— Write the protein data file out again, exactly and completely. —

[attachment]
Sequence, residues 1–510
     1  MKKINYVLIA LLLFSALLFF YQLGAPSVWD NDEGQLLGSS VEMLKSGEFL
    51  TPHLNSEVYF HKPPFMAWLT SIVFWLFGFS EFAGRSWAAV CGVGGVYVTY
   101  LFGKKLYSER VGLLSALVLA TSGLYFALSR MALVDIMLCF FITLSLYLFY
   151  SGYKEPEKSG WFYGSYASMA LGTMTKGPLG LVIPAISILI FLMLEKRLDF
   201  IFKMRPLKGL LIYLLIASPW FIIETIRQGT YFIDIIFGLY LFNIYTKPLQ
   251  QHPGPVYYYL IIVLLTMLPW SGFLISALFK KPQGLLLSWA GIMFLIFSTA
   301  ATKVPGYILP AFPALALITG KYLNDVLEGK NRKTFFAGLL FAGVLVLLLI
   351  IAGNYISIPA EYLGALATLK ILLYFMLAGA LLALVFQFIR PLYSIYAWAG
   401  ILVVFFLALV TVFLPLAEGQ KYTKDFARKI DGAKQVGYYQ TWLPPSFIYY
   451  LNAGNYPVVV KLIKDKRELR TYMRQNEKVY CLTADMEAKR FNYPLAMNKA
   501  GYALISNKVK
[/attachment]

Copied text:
Sequence, residues 1–510
     1  MKKINYVLIA LLLFSALLFF YQLGAPSVWD NDEGQLLGSS VEMLKSGEFL
    51  TPHLNSEVYF HKPPFMAWLT SIVFWLFGFS EFAGRSWAAV CGVGGVYVTY
   101  LFGKKLYSER VGLLSALVLA TSGLYFALSR MALVDIMLCF FITLSLYLFY
   151  SGYKEPEKSG WFYGSYASMA LGTMTKGPLG LVIPAISILI FLMLEKRLDF
   201  IFKMRPLKGL LIYLLIASPW FIIETIRQGT YFIDIIFGLY LFNIYTKPLQ
   251  QHPGPVYYYL IIVLLTMLPW SGFLISALFK KPQGLLLSWA GIMFLIFSTA
   301  ATKVPGYILP AFPALALITG KYLNDVLEGK NRKTFFAGLL FAGVLVLLLI
   351  IAGNYISIPA EYLGALATLK ILLYFMLAGA LLALVFQFIR PLYSIYAWAG
   401  ILVVFFLALV TVFLPLAEGQ KYTKDFARKI DGAKQVGYYQ TWLPPSFIYY
   451  LNAGNYPVVV KLIKDKRELR TYMRQNEKVY CLTADMEAKR FNYPLAMNKA
   501  GYALISNKVK